For anyone who has a family member or friend struggling with substance abuse;
Common myths about 12 step recovery; Thanks Dr Stanton Peele
1. Addicts are different from normal people and can never be like them.
Regarding others—or oneself—as fundamentally different is a burden, an unnecessary identity that is as damaging as a negative drug or alcohol habit.
2. Recovery is bestowed by a force outside yourself.
When addiction is seen to be a disease, something that clearly cannot be treated from within, you must turn yourself over to recovering addicts and alcoholics and addiction experts—and, most famously, to a “Power greater than ourselves,” in order to become whole again.
3.Addiction is always an incurable, progressive, fatal disease.
“What is the hardest addiction to quit?” The audience—many of which I reckon have experienced a number of forms of addiction—shouted in unison, “Smoking!” “Oh,” I said, “How many of you have quit smoking?” In a group of 750 people, perhaps 400 raised their hands. “How many of you,” I continued, “relied on a therapy, medical or otherwise, or a support group to quit?” Two or three people raised their hands. And why isn't smoking addressed by 12 step or rehab? Because there is no money to be made by rehabs, doctors, counselors and drug companies. A 20 Billion dollar industry relies on the flawed disease concept that doesn't include smoking, shopping, gambling or sex addiction.
4. Recovery is a lifetime process that must include lifetime abstinence and 12-step work forever.
According to 12-step recovery, you are as likely to relapse 25 years after quitting your drug of choice as two hours afterwards. And, among the many strange messages AA prides itself on, this is perhaps the strangest: “While you are here (meaning a 12-step meeting) your addiction is in the parking lot doing push-ups.” Why is this message drummed home, even while you are supposedly undergoing the therapeutic process of leaving your addiction behind? Because AA, 12-step rehab, and addiction medicine want to convince you that you can’t survive without them. The disease theory is all about how addicts are never free—even after they stop drinking and using.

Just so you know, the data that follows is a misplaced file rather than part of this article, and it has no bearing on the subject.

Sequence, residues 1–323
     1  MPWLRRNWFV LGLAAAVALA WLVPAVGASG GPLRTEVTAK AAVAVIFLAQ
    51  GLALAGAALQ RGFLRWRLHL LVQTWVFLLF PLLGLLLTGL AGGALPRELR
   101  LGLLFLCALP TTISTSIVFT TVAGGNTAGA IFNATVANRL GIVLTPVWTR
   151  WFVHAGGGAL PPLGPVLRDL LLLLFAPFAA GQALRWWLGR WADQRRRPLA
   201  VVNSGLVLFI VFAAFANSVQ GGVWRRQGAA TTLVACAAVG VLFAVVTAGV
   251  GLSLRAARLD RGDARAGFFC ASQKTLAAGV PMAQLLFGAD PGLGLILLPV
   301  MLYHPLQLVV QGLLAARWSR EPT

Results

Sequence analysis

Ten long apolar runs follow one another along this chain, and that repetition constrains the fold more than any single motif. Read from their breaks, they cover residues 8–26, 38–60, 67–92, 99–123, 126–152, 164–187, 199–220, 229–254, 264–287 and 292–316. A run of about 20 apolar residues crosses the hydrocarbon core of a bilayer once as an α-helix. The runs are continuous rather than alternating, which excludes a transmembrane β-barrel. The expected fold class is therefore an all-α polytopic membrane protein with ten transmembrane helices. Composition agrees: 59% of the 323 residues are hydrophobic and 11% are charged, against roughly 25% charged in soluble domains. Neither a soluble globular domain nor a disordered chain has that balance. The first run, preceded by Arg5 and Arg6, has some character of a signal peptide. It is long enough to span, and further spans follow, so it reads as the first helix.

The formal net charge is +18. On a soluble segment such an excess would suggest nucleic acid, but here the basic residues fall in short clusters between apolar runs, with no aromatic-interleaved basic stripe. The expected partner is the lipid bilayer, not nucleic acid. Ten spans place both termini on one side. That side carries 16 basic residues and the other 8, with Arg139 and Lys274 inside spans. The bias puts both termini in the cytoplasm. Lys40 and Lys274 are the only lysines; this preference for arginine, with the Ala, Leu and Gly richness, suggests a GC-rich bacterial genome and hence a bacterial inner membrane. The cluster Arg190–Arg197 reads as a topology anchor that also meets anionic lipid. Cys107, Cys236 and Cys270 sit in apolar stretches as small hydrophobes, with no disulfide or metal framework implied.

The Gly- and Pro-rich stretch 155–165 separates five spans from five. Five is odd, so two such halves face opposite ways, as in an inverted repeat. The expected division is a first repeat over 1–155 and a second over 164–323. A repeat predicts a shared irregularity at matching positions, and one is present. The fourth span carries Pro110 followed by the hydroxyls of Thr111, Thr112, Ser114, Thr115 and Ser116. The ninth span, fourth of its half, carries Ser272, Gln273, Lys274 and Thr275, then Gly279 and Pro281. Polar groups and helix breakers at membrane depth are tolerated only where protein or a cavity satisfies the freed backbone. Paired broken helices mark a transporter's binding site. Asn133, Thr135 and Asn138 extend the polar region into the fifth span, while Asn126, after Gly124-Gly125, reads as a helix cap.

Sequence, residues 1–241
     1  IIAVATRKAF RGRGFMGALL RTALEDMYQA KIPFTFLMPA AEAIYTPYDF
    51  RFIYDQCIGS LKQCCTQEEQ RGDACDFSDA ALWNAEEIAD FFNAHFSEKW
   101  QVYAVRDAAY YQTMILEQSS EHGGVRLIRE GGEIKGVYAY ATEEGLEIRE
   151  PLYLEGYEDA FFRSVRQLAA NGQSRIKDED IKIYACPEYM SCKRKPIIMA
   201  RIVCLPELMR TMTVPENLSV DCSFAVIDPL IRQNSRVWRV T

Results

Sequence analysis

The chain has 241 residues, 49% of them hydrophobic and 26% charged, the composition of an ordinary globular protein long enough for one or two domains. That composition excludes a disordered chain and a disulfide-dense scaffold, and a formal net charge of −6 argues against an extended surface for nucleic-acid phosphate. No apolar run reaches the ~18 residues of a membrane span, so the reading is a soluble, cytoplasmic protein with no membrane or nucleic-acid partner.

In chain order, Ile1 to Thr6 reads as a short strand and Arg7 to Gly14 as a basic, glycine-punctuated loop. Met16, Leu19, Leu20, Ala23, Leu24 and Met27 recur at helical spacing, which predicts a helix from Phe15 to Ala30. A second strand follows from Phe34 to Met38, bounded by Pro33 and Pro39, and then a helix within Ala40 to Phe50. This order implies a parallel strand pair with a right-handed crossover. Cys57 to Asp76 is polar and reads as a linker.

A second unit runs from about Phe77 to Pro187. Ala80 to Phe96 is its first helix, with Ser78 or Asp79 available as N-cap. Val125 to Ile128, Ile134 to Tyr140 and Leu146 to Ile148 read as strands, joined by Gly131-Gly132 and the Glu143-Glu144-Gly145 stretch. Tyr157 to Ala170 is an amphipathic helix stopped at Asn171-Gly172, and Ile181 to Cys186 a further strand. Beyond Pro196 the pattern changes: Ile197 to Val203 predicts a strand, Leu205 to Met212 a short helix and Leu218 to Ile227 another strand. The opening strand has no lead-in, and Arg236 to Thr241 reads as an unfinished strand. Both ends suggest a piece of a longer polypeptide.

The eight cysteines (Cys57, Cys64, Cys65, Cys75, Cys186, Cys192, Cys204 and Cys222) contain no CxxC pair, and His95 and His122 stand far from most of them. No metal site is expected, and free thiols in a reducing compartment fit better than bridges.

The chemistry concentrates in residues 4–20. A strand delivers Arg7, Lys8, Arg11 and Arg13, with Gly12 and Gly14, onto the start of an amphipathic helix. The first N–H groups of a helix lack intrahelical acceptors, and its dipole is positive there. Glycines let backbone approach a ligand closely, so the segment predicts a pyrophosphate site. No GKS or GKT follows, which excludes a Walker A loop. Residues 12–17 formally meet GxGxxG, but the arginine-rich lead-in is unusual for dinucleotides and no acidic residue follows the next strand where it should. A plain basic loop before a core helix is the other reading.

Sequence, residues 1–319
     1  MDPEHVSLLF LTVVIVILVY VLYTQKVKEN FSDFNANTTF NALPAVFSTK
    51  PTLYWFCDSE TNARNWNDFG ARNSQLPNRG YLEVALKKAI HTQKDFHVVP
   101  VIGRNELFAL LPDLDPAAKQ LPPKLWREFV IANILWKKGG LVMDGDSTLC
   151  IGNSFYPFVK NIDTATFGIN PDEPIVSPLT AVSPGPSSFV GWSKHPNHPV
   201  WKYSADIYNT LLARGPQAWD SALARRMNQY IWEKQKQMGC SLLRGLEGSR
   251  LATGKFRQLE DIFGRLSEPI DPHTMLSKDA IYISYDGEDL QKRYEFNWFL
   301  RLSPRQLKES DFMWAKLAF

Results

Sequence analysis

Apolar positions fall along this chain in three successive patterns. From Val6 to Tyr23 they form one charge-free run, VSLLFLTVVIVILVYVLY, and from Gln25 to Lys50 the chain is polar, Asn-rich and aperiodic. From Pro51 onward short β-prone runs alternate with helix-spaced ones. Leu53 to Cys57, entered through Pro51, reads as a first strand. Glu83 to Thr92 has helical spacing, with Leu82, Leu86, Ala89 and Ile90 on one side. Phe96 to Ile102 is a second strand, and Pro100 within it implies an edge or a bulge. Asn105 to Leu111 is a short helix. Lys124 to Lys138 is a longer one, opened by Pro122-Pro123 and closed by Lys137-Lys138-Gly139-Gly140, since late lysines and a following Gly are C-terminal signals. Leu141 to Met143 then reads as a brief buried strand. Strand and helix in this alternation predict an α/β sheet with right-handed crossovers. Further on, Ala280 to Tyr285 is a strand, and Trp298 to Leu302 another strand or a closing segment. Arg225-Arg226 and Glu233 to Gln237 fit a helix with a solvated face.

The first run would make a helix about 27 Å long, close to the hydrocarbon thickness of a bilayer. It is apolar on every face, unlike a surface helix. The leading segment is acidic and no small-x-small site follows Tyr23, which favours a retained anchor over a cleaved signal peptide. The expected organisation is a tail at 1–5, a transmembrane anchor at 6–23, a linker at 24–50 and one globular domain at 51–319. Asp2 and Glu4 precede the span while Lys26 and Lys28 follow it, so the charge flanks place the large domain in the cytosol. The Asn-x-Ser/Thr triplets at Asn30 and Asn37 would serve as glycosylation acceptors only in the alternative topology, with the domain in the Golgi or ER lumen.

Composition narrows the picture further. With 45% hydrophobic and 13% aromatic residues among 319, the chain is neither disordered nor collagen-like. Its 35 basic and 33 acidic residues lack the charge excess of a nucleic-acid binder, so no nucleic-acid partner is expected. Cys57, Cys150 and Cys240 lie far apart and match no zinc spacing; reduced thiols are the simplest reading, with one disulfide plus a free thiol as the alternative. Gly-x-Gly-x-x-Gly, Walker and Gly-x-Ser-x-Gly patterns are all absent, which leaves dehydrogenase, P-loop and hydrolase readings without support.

The disease view, by pervading the consciousness of our culture, makes it more likely that people will succumb to addiction as an overpowering disease in the first place. And, finally—and perhaps seemingly stranger—the disease theory can be most malicious for people who feel it has “saved” them. For most of these people would have overcome or outgrown their addictions on their own or with the help of sensible, time-limited treatment.
Thursday, March 26, 2015
Posted by Fireman John at 4:33 PM